Why I Should Have Failed Harder at My eBay Test

As part of our attempts to unveil the secrets of e-commerce, I recently took the plunge and tested a new product on eBay. Because 1), eBay is a platform Anthony and I don’t have much experience in and it would serve us well to get a hands-on feel for it and 2), because although I’ve been co-writing the Bootstrapping books, my contribution has been from more of a marketing and self-help standpoint. I haven’t had much e-commerce experience myself.

However, the books I’ve been writing are so compelling that I wanted in!

The first book, Bootstrapping E-commerce: How to Import and Sell on Amazon emphasizes the importance of thinking long term and building up a lasting legacy, not quick flip profit, but I wanted something else. Something that we recognize a lot of our readers will want too.

I wanted a little side income. An extra thousand a month. I didn’t want to spend hours on branding and researching my market, building up a huge online presence. I didn’t want to spend many hours on this at all. I wanted the quick flip.

Here’s What I Did

I researched trending fitness products because fitness is something I’m pretty immersed in and care a lot about (I am my market, in this case).

I found a product that was just being introduced around Christmas, a microfiber infinity scarf with a hood meant to serve as a gym towel. I though that was a great idea. I would use it! Except for the hood part which was good because it was the hood that made it a patented item. As long as my product didn’t have a hood I wouldn't come up against the patent.

I decided that by sewing nice, quality microfiber towels together I could market them as sports towel infinity scarves.

The idea was that the scarf with the hood already being sold online would create a market and buyers would be interested in a simpler and cheaper version.

There was no way of knowing if there would be any interest until I tested the product, so I ordered three microfiber gym towels off Amazon for $10. Ordinarily I would go to Aliexpress but it was just as cheap and quicker to get this particular item off Amazon.

I stitched them up nicely. Had them photographed for free using a photographer friend and myself as a model. Then I wrote up a description with Anthony’s guidance, loaded with keywords that would activate the eBay algorithm, very different from the Amazon algorithm.

What Happened?

Very little. I ran it first as an auction, starting bid $2.99. I got a handful of views for each color, but nothing sold. I ran them again, auction $2.99 and Buy It Now $9.99. This time I sold two of the auction towels to the same bidder, $2.99 each, just enough to pay for the postage.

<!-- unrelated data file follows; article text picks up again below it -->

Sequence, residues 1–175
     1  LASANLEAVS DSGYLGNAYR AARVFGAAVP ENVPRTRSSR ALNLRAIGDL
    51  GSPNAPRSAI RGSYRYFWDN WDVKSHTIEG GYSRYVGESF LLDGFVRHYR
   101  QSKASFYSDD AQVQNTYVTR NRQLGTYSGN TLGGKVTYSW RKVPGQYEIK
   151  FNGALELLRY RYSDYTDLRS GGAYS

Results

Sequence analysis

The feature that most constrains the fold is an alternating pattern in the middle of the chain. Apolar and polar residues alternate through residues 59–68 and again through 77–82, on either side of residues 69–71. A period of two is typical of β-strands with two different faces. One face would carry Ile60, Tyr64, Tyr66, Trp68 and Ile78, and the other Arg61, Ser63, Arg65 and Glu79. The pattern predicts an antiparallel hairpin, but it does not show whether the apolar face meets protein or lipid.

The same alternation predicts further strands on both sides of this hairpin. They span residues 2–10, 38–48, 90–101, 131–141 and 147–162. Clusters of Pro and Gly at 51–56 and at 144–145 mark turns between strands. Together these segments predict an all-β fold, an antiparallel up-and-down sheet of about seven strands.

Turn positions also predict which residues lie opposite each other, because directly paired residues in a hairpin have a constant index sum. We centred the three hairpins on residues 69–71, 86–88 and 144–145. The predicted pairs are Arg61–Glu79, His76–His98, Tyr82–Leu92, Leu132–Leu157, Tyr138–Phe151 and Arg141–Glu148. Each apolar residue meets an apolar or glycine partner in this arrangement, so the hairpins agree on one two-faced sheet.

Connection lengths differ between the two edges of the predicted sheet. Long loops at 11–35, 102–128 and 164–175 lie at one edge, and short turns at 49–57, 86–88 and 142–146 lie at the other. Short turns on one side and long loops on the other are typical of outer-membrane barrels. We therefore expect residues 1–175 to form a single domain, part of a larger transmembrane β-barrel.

I ran them again, Buy It Now $14.99. No takers. Also barely any views. Each time I relisted, I went back into the copy and tweaked it, hoping to increase visibility. However, views stayed extremely low, 10 or less.

What Went Wrong?

I think this was a case of there simply not being a market for the item. No one was looking for a microfiber sports towel infinity scarf.

Also, the photography might not have been appealing enough. I didn’t want to pay out much money on a test and while the pics were taken by a professional, time was limited and I only had two images to work with. Also it’s possible that the appeal wasn’t there. Perhaps potential buyers were saying, “someone sewed a towel in a circle, big deal.”

So This Was a Major Failure, Right?

Our next book, due out this year, is about failure. Not just about what you can learn from your failures, but how to learn to live with it day in day out and what it makes you as a person. Because e-commerce is all about failure. Tests fail, and we don’t get too upset because it was only a test. But entire inventories have to be liquidated, listings get hijacked, Amazon suspends you, you lose money, make it back, and lose it again.

The idea of a big overnight success and smooth sailing after is a big fat myth. An overnight success, maybe, but there’s plenty of failure to come after that.

It’s easy to say, "well, it isn’t failure, it’s growth experience," and while that may be true, it’s not the conversation we want to have.

Failure Is Out There, Let’s Talk About It

There is so much failure in this business but few people want to talk about how it cuts you off at the knees. But it’s a conversation we need to have just so we know we’re not alone when we do something stupid. Sink valuable time and money into a half-cocked idea, or a brilliant idea that simply capsizes.

There is a conversation going on right now about grit, see TED.com, and that’s part of the conversation, but so much about grit is about overcoming and seeing victory. What about the grit that has no outward glory to it? It’s quiet. It’s alone. It doesn’t get talked about because this grit is a little scary. It’s a hair’s breadth away from being utterly inconsequential.

We want to talk about the kind of failure that puts you in that place.

The Secret Truth of Failure

In this book, Failure: A Self Hurt Guide to Business Success, Anthony talks about his many failures in the early years of getting into the e-commerce game. The stories are heartbreaking. The failures hurt because he threw his all into endeavors left and right, more often than not hitting a brick wall.

But he kept going. And eventually, long after most individuals would have decided they were happy with the steady office job, he started coming out on top.

I didn’t feel a lot of failure from my eBay test because, honestly, I didn’t try very hard. I definitely didn’t have a lot riding on it. The failure didn’t sting at all. Maybe that’s what I should be worried about.

Dana Barfield